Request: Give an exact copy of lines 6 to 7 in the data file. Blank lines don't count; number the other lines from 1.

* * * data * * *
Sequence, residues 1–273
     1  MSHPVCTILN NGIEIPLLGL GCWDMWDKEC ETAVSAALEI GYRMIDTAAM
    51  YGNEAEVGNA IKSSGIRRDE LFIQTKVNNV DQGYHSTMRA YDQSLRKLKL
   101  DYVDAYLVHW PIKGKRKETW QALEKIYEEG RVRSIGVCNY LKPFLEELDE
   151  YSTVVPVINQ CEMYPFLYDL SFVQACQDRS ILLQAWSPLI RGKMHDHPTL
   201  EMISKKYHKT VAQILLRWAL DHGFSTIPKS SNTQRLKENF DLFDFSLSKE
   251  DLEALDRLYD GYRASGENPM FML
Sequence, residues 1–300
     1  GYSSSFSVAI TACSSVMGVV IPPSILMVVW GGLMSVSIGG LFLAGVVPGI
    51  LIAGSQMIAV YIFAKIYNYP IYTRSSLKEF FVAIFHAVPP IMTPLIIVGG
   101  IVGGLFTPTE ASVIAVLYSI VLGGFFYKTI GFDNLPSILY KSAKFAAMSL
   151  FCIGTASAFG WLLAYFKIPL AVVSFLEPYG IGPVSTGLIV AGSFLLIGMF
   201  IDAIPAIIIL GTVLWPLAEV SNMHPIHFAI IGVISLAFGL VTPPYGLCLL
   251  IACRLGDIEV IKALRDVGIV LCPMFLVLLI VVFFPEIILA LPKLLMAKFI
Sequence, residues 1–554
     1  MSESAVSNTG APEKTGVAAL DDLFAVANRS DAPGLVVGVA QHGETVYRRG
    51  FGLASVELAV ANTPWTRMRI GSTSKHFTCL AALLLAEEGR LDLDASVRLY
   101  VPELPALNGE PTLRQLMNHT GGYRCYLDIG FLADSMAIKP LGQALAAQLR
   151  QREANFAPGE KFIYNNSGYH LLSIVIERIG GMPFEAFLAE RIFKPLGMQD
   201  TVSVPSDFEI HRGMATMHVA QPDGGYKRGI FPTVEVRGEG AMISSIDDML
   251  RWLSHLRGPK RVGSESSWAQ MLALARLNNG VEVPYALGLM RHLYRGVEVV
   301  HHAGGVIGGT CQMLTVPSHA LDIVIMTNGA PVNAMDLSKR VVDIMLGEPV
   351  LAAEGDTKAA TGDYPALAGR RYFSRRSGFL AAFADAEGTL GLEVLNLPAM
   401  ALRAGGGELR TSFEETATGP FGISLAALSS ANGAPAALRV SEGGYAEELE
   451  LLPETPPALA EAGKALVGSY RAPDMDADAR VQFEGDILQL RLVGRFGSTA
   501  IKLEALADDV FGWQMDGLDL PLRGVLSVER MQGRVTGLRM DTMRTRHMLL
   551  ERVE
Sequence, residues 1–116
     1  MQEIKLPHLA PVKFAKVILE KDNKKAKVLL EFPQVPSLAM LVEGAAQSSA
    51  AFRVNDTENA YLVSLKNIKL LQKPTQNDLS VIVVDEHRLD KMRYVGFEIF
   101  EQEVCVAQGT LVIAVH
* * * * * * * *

   201  EMISKKYHKT VAQILLRWAL DHGFSTIPKS SNTQRLKENF DLFDFSLSKE
   251  DLEALDRLYD GYRASGENPM FML